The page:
Document Detail

Basilar artery occlusive disease in stroke survivors in a multiethnic population.
MedLine Citation:
PMID:  20047790     Owner:  NLM     Status:  MEDLINE    
OBJECTIVES: To describe clinical, radiological findings, and outcome in a multiethnic population of stroke survivors with basilar artery occlusive disease (BAOC). METHODS: Forty patients with infarcts in the basilar artery (BA) territory, alive 30 days after the ictus, participated in the study. BA stenosis (>50%) or occlusion was shown by magnetic resonance or digital subtraction angiography in all patients. Demographical, clinical and radiological characteristics were described. Modified Rankin Scale (MRS) scores at 30 days and 6 months after the ischemic event were evaluated. Association between demographical, clinical, radiological features and outcome were analyzed with Chi-square and Fisher's exact tests. MRS scores at 30 days and 6 months were compared with the Wilcoxon test. RESULTS: Sixty percent of the patients were men, and 33% were Afro-Brazilian. Mean age was 55.8+/-12.9 years. Most (90%) had multiple vascular risk factors. Stroke was preceded by TIA in 48% of the patients, and 80% had a history of arterial hypertension. The most common neurological symptom was vertigo/dizziness (60%) and the sign, hemiparesis (60%). Most of the infarcts were located in the pons (85%) and the BA middle third was the most frequently affected segment (33%). BA occlusion occurred in 58% of the patients. More severe vascular occlusive lesions were present in Whites (p=0.002) and in patients with involvement of the middle third of the BA (p=0.021). Large-artery atherosclerosis was the most common stroke etiology (88%) and was more frequent in older patients (p<0.001). Most patients were treated with anticoagulation. MRS scores improved significantly at 6 months (p<0.001); at this time, 78% of the patients had MRS scores between 0 and 2. CONCLUSIONS: We observed different results compared with other series: greater proportion of Afro-descendents, higher frequency of atherosclerosis and BA occlusion. Rates of preceding TIAs and good outcome at 6 months were similar to previously published data. These results represent a step forward towards understanding BAOC in a multiethnic context.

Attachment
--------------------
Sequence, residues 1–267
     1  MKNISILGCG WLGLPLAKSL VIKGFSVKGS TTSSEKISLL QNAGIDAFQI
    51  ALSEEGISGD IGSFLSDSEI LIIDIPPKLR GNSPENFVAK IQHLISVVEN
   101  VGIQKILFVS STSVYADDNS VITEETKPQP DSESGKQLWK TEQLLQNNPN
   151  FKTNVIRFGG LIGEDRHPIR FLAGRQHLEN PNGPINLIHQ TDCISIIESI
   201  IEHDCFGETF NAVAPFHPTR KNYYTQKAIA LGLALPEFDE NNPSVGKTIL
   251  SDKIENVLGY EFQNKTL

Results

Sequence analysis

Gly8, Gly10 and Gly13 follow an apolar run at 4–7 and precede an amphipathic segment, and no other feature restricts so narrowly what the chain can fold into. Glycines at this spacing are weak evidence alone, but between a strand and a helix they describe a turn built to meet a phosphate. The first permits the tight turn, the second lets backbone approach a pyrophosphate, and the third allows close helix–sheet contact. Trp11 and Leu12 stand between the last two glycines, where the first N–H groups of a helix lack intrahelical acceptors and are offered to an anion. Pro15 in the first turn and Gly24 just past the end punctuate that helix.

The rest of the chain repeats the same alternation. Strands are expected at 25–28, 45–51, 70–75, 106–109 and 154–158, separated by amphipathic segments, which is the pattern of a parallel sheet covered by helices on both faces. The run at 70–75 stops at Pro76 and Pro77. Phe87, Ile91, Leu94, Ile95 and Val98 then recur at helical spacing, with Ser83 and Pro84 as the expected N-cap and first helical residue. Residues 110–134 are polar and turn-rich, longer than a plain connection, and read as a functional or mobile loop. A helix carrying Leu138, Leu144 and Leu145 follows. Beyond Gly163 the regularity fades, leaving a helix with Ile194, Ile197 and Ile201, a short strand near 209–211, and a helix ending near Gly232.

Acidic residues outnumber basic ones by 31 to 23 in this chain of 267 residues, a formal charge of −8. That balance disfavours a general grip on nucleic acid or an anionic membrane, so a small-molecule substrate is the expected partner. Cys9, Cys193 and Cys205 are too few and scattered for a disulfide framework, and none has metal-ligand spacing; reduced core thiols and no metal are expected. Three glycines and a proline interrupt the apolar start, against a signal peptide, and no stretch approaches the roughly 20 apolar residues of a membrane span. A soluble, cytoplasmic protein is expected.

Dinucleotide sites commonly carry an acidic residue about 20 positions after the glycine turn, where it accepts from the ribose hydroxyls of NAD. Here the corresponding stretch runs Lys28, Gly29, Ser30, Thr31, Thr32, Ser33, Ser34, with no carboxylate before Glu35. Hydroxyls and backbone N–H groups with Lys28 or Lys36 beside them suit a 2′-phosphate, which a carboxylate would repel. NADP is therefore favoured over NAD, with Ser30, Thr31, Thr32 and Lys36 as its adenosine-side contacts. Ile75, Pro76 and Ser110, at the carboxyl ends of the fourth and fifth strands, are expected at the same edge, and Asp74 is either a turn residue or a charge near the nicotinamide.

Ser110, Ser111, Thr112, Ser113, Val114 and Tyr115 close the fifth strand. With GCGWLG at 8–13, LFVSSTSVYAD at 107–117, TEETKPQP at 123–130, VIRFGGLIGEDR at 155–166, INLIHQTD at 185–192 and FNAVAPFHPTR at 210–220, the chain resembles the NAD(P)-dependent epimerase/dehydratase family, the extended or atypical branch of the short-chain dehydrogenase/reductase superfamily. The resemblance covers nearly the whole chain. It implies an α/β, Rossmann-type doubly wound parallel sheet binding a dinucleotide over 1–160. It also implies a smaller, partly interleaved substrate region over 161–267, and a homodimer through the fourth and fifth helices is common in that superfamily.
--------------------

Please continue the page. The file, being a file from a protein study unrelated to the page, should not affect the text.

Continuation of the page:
Jovana Gobbi Marchesi Cir?aco; Claudia da Costa Leite; Maria a Gra?a Morais dMartin; Cristiano Venturim Barros; Paulo Puglia; Jos? Guilherme Pereira Caldas; Milberto Scaff; Adriana Bastos Conforto
Publication Detail:
Type:  Journal Article; Research Support, Non-U.S. Gov't     Date:  2010-01-04
Journal Detail:
Title:  Clinical neurology and neurosurgery     Volume:  112     ISSN:  1872-6968     ISO Abbreviation:  Clin Neurol Neurosurg     Publication Date:  2010 Apr 
Date Detail:
Created Date:  2010-03-02     Completed Date:  2010-06-16     Revised Date:  -    
Medline Journal Info:
Nlm Unique ID:  7502039     Medline TA:  Clin Neurol Neurosurg     Country:  Netherlands    
Other Details:
Languages:  eng     Pagination:  233-6     Citation Subset:  IM    
Neurology Department, Hospital das Cl?nicas, S?o Paulo University, S?o Paulo, Brazil.
Export Citation:
APA/MLA Format     Download EndNote     Download BibTex
MeSH Terms
African Continental Ancestry Group / statistics & numerical data
Age Factors
Arterial Occlusive Diseases / complications,  epidemiology*,  ethnology,  physiopathology
Brazil / epidemiology
Cerebral Angiography
Dizziness / etiology
Follow-Up Studies
Hypertension / complications,  physiopathology
Ischemic Attack, Transient / epidemiology*,  ethnology,  physiopathology
Middle Aged
Paresis / etiology
Risk Factors
Stroke / etiology*,  physiopathology,  radiography
Survivors / statistics & numerical data*
Vertebrobasilar Insufficiency / complications,  epidemiology*,  ethnology,  radiography
Vertigo / etiology

From MEDLINE®/PubMed®, a database of the U.S. National Library of Medicine

Previous Document:  Inherited antithrombin deficiency and pregnancy: Maternal and fetal outcomes.
Next Document:  The detoxification of lead in Sedum alfredii H. is not related to phytochelatins but the glutathione...